How do we live the Gospel?

This week, I’ve been thinking a lot about what it means to “preach the gospel” or for that matter “live the gospel”. Both phases are widely used, but have you ever stopped to think about what it means?  I am sure you’ve heard both of those phrases and what I hope to express in this post is what it means to live lives of testimony, that is lives that reflect the gospel.

In order to talk about these things, and discuss what a life of testimony i,s we need to define that which we are bearing witness to, the gospel of Jesus Christ.

Tim Keller, defines the gospel as “a message about how we have been rescued from peril”. He says, “the gospel is not primarily a way of life. It is not something we do, but something that has been done for us and something we must respond to.” The truth of the Gospel tells us two very important things.

The gospel tells us what we have been rescued from. That is, sin and death. In all actuality, we are rescued from the fallen world that we have found ourselves a part of. Keller says, from the time of the fall in the garden the world has been afflicted by suffering, poverty, racism, natural disasters, war, aging, and death. Our human nature is tainted by sin and we are in dire need of being rescued. One key thing to remember, is we are all in need of a savior. There is not one of us who is outside the curse of sin and death and not one of us who can save ourselves. We are on an equal playing field, so to speak, when it comes to our need of a redeemer.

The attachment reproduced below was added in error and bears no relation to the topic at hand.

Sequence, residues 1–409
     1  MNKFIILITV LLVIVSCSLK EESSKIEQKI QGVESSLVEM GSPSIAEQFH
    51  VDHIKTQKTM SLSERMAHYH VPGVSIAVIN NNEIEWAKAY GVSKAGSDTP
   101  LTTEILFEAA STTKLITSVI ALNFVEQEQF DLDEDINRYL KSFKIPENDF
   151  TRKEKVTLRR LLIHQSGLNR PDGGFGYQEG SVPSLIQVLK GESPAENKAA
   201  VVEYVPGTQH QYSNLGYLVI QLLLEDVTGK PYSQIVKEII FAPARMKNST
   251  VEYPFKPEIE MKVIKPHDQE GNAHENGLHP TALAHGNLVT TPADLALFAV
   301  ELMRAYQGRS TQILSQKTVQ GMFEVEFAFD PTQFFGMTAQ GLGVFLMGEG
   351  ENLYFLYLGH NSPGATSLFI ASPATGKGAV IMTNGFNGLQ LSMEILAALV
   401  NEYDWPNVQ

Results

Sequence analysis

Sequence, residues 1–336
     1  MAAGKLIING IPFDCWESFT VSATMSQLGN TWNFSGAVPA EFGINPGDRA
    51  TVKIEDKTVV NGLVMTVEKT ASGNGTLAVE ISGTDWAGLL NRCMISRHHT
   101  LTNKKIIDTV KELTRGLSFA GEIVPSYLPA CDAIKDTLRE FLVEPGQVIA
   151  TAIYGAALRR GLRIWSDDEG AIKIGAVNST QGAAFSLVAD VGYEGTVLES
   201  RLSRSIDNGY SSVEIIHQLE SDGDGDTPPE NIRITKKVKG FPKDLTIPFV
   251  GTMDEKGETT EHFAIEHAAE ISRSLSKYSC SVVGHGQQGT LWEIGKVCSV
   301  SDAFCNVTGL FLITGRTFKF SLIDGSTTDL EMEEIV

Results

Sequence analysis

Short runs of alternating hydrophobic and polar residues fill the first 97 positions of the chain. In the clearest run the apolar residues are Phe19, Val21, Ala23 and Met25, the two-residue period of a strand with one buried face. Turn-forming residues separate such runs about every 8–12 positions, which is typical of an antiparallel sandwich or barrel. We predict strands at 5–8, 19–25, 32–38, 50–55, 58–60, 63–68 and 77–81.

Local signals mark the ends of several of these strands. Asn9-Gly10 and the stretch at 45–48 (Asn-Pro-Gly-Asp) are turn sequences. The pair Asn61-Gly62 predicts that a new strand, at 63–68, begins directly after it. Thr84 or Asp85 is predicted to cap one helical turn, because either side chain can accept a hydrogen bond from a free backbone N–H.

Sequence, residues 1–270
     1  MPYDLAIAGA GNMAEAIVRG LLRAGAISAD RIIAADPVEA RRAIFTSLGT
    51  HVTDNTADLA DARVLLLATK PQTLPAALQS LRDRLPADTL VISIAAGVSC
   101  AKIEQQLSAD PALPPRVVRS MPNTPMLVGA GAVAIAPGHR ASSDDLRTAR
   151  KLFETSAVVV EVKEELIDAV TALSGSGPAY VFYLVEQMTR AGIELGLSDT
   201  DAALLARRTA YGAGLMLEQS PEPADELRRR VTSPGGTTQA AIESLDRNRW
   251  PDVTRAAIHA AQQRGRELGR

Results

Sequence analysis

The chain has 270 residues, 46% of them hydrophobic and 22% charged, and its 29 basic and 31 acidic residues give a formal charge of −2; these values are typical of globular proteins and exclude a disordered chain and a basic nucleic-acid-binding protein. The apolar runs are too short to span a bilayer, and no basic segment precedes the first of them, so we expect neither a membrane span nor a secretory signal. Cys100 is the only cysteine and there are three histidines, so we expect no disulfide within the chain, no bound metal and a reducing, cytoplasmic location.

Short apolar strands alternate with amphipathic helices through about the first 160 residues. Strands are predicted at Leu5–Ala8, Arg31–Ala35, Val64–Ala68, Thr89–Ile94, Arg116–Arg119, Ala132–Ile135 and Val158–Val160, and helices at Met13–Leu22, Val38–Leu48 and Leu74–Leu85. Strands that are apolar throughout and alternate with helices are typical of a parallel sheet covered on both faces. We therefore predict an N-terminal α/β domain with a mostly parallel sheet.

Second, the gospel tells us who has rescued us. As I just said, none of us can save ourselves. No matter how “good” someone is, no matter how many good works they do, how much money the give to charity, how many times the have read the bible, whether they are a lay person, a priest, a deacon, a bishop….no one has the ability to save themselves from the curse of sin and death. Therefore, we need a savior, someone to rescue us.

John Wesley, the great evangelical reformer, came to this understanding,  surprisingly about a decade after he became a priest in the Church of England. Wesley was a devout and dedicated clergy man and devoted his life to prayer, fasting, study and good works. Probably, few could compare to him in regards to works and dedication to “religious life”.  But he realized, after attending a Moravian meeting on Aldersgate Street in London that he had been trusting in his own strength for salvation and not in the strength of Christ.  

When he came to this realization that Christ had died for his sin, and that Christ saved him apart from any of his works or good deeds, he was saved. In his journal after the experience he wrote, “I felt my heart strangely warmed, I felt I did trust in Christ, Christ alone, for salvation; and an assurance was given me that He had taken away my sin, even mine, and saved me from the law of sin and death.”

Jesus saved John Wesley, not his good deeds and from that point on his good deeds and devotion came from his assurance in Christ, not from his self-propelled pursuit of holiness.